By Derek Draplin, The Center Square
President Joe Biden’s administration issued an order temporarily halting leases and permits for oil and gas development on federal land, fulfilling a pledge he made during his campaign, despite pushback from the industry and states that rely on revenue from energy development.
Acting Interior Secretary Scott de la Vega signed an order that suspends approval of new land leases and drilling permits for 60 days. The order also “temporarily elevates review” of other agency decisions for DOI leadership.
“The Order does not impact existing ongoing operations under valid leases and does not preclude the issuance of leases, permits and other authorizations,” DOI said in a statement Thursday.
Biden, whose campaign pledged to ban new leases and reinstate environmental regulations rolled back by the Trump administration, has nominated U.S. Rep. Deb Haaland, D-N.M., to serve as DOI secretary pending the Senate’s approval.
The order was criticized Thursday by energy industry groups and praised by environmental watchdog organizations.
American Petroleum Institute President and CEO Mike Sommers said in a statement that the move means the U.S. will have to rely on foreign countries for energy development and risks American jobs.
“With this move, the administration is leading us toward more reliance on foreign energy from countries with lower environmental standards and risks to hundreds of thousands of jobs and billions in government revenue for education and conservation programs,” he said. “We stand ready to engage with the Biden administration on ways to address America’s energy challenges, but impeding American energy will only serve to hurt local communities and hamper America’s economic recovery.”
Kathleen Sgamma, president of the Denver-based Western Energy Alliance, warned that the temporary ban is “a precursor to a longer-term ban.”
Sgamma added that if the acting secretary does not hold quarterly lease sales as required by law, the Alliance is “prepared to challenge this intended ban in court at the appropriate time.”
Dan Ritzman, the lands, water and wildlife director for the Sierra Club, tweeted that the organization “welcomes this opportunity for the Biden administration to chart a new path for our country’s lands and waters.”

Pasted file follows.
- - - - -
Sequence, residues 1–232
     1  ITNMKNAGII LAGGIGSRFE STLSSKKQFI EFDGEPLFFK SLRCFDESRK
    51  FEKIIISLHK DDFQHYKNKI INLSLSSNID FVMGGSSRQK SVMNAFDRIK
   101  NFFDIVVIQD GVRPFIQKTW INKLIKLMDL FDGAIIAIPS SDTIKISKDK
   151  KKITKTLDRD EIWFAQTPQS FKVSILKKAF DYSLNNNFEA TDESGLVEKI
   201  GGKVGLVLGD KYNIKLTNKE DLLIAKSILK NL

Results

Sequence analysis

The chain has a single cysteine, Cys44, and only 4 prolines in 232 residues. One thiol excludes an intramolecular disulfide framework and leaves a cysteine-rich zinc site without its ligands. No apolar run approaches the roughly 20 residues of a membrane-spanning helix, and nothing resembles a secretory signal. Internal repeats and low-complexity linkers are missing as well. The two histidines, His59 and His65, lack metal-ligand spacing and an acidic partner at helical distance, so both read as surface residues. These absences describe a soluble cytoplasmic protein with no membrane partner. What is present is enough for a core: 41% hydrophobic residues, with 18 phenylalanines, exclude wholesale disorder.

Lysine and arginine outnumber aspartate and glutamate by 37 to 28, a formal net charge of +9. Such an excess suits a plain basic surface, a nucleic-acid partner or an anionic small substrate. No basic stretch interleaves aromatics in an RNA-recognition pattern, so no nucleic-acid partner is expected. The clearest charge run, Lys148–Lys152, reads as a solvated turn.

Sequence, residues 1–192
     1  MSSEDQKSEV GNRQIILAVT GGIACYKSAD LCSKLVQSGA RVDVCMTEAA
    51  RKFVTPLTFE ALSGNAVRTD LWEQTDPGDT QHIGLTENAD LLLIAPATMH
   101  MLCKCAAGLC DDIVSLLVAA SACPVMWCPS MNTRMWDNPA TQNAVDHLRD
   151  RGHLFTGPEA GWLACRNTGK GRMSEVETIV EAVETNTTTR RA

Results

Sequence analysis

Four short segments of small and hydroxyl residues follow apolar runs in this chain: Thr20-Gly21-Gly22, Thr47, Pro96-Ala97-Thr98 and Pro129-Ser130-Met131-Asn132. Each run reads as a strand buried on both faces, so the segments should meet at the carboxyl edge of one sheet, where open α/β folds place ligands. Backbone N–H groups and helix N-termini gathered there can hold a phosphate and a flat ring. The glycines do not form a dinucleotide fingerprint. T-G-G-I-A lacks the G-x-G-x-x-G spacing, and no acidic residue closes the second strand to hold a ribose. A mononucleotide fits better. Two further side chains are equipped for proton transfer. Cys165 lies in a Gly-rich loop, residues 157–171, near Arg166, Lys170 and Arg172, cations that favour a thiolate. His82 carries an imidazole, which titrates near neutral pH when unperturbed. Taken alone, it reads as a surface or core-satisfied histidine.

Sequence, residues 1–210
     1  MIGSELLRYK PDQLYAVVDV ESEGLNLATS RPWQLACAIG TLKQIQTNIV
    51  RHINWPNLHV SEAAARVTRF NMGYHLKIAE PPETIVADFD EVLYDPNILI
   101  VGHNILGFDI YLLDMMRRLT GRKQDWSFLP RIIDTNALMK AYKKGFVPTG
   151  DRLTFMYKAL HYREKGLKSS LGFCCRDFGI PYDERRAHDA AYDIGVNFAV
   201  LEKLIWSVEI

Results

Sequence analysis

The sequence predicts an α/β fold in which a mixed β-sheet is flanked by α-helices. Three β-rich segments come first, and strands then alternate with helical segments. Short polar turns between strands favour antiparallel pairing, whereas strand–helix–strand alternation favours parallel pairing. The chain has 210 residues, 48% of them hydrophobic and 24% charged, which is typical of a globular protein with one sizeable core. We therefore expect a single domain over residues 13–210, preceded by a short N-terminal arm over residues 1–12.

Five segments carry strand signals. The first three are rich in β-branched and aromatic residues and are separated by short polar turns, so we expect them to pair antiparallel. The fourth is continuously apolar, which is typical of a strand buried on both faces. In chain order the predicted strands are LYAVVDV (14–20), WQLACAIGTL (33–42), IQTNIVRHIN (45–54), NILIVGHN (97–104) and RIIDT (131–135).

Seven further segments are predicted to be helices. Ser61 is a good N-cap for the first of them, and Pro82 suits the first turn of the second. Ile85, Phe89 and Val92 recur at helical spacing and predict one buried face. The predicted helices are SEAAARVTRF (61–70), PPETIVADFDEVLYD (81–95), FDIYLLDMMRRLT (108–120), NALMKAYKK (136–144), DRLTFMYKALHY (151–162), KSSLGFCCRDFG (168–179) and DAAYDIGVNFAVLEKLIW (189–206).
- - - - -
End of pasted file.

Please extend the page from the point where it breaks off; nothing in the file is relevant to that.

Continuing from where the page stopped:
“Pausing new fossil fuel decisions brings us closer to healthier communities, a healthier climate and healthier wild places,” he said.
Several western states rely heavily on tax revenue from energy development that takes place on federal lands, such as Wyoming and New Mexico.
A federal lease moratorium would result in a $639.7 billion hit to gross domestic product (GDP) in Wyoming, New Mexico, Colorado, Utah, Montana, North Dakota, California, and Alaska by 2040, according to a report released last month that was commissioned by the Wyoming Legislature.
“The economic predictions are devastating, to be blunt, to Wyoming,” Gov. Mark Gordon said when the study was released.
Gordon’s office did not respond to a request for comment on the DOI’s order.
Conservation projects also rely heavily on revenue from energy development on federal lands.
DOI disbursed $8 billion from offshore and federal land energy development to the states in 2020, down from $11.69 billion in 2019.
The Great American Outdoors Act (GAOA), which passed Congress with bipartisan support, relies on oil and gas development royalties to pay off the National Park Service’s $12 billion maintenance backlog.
The Land Water Conservation Fund, which GAOA requires to be funded with $900 million annually, is funded by federal offshore oil and gas revenue, which in turn is distributed to states for conservation projects.
DOI announced on Tuesday that LWCF’s State and Local Assistance Program will get over $302.3 million for fiscal year 2021 that’s apportioned to states.
Colorado, for instance, is set to receive almost $5.2 million of that apportionment.
A Colorado Parks and Wildlife spokesperson told The Center square the funding will “help support critical Colorado Parks and Wildlife projects and allow us to provide opportunities for both recreation and resource conservation. This funding helps us to ensure Coloradans will be able to enjoy our resources for generations to come.”
The Bozeman, Mont.-based Property and Environment Research Center (PERC) recommends utilizing user-based funding streams for conservation and recreation instead of relying on oil and gas revenue.
“Arguably, recreationists and conservationists would benefit the most from unshackling funding from energy revenues. Establishing a federal advisory committee could be an initial step toward finding a user-based model that can provide the resources necessary to steward our public lands for future generations,” PERC said in a recent report.
Biden also revoked the Keystone XL’s permit and rejoined the Paris Climate Accord, among other orders on his first day in office.